With the water control the transfer of the dried virus from test field 1 to the other test fields is visible. The reference wipe Tork Premium Spezial Tuch was treated with water of standardized hardness (WSH) and with Aqua bidest. in parallel. After wiping and the chosen exposure time, virus titres on test fields 1–4 of the water controls were detected. Additionally, virus titres of DCt0 and DCt5 were measured (Fig. 3).
Examining MNV the calculated loss of virus titre after the drying step and water treatment causes RFs of 2.88 (WSH) and 3.00 (Aqua bidest.). This virus loss was the highest among the three test viruses followed by AdV. Here the RFs were 2.50 (WSH) and 2.63 (Aqua bidest.). When testing SV40 only a small reduction of virus titre was observed after drying and water treatment (RFs = 1.44 with WSH and 2.00 with Aqua bidest). In contrast, the highest titres on the other test fields were observed with SV40 demonstrating a great transfer of this virus to test fields 2–4. With AdV and MNV only lower virus titres were measured on test fields 2–4 (Fig. 3). In the EN 16615:2015 it is requested to demonstrate in the water control a transfer of bacteria and C. albicans to the test fields 2–4  which is also shown here with the test viruses. Concerning removal from test field 1 and transfer to test fields 2–4 resulting data with WSH and Aqua bidest. were nearly identical.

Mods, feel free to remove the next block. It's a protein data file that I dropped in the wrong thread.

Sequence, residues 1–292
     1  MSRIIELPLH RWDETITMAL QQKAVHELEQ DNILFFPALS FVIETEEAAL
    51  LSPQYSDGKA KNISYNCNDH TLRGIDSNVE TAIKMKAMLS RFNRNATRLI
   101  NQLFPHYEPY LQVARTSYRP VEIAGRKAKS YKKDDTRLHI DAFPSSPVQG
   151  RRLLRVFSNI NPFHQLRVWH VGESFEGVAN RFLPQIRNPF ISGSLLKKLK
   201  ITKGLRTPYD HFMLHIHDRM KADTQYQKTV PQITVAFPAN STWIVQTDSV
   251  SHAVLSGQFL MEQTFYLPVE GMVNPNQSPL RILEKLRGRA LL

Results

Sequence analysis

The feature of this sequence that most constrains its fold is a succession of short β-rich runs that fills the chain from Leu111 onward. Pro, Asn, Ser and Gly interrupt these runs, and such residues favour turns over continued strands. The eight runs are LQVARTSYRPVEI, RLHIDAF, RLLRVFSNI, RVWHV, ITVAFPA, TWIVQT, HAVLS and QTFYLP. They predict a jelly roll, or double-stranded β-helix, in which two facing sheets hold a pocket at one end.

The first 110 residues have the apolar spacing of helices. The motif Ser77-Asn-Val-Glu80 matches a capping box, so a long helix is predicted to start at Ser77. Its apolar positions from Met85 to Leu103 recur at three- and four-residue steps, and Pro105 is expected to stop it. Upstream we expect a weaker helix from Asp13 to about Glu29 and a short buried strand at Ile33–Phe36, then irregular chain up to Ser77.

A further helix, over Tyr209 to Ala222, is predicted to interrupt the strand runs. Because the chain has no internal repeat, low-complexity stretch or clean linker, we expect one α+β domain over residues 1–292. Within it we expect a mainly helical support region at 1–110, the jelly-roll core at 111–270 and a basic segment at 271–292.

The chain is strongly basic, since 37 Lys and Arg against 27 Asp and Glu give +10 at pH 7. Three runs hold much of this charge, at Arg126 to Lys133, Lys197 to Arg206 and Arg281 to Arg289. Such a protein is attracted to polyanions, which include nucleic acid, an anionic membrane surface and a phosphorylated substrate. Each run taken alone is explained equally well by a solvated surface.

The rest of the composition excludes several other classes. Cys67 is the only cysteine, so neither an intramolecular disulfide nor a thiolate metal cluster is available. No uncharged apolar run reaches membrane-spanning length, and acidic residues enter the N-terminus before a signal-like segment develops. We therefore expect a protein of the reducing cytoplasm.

Virucidal efficacy of the wipes